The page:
Thursday, June 27, 2013

Mavic's 640 Pedals

Picking a favorite Mavic component is a lot like picking which of your children is your favorite. It's unseemly, when we should be celebrating the unique beauty of all of them. But in the recesses of our minds, we all know there's one we favor just a tiny bit more. Sometimes it's rational, sometimes it's just because.

If you pushed me - and I mean really pushed me, it's possible I might admit a slight bias towards the 640 pedal, which is a little odd given that I never ride quill pedals. It's just one of those irrational loves for an unorthodox design. A design which probably isn't Mavic's at all.

The Mavic 640 is a traditionally shaped quill pedal, with a finish quality that has few rivals - with the innards to match. The more common version was intro'd in the early 80's, though a version was available in the 70's as well. Similar inside, but with a riveted (or maybe domed/hammered on, I don't know) cage.

This generation of 640 has replaceable, hard anodized cages, secured with hex head screws. They varied somewhat over the years, with slight color variations in the anodization color, and slightly different logos. I believe the one labeled 'Made In France' on the same side as the Mavic name is the older one, with the other two cages in the picture above being later.

Inside things get get interesting. After removing the the aluminum dust cap, removing the spindle nut and spindle, the inner roller bearing and a traditional sealed bearing are exposed. Roller bearing on the inside bearing surface, traditional on the outer.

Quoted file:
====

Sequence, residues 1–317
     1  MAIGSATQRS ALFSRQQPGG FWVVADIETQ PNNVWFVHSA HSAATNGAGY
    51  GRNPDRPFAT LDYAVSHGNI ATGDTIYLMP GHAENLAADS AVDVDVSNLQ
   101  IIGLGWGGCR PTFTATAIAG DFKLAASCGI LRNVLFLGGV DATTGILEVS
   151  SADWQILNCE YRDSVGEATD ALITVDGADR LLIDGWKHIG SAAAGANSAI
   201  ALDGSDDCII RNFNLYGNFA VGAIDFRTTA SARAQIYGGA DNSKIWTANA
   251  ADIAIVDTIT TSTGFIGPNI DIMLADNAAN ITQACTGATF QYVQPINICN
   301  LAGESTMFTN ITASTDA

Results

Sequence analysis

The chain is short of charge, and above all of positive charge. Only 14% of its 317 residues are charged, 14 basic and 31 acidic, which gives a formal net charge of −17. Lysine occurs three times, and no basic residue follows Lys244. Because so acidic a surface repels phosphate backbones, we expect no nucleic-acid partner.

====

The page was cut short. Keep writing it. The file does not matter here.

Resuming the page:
If you think the 640 bears an uncanny resemblance to the Specialites TA pedal, you're not alone. While I can't find definitive proof, I think it's a given that the 640 is at least based on the TA pedal. It's possible that Mavic licensed the design, worked from forgings provided by TA, or had TA do everything - the latter two possibilities all things they're known to have done with other components and manufacturers. By all rights, the TA version is nicer - grease port in the end cap, replaceable flip tabs, curvier cage. A very elegant quill pedal - if you're in to that sort of thing.

Parts explosion for those who find themselves with 640's in need of a rebuild.

Kids, if years from now you're reading this, know that it's totally you (whoever is reading this) that is my secret favorite. I never liked that other kid.

Tuesday, June 04, 2013

Mavic's other flight of fancy

Besides electronic shifting, that is. The scale of this, however, was a little grander...

Apparently, around 1984, Mavic opened their Air Department. Bruno Gormand, head of Mavic and the driving force behind their innovation since the mid-60s, was, it would seem, something of a modern renaissance man, pushing Mavic beyond the earth-bound limitations of bicycles. Those limitations would return following his death in 1985, and the dissolution of the Air Department.


The top image is of the 'Airplume' plane, an open cockpit 2 seater. The 2nd image is its spec sheet. The third shows photos and specs for the 'Avid Flyer' variant Mavic made, which is simply labeled 'Avion Experimental' in the photocopied sheet I have. I haven't included the cover as the quality is fairly low - but would be happy to if requested.

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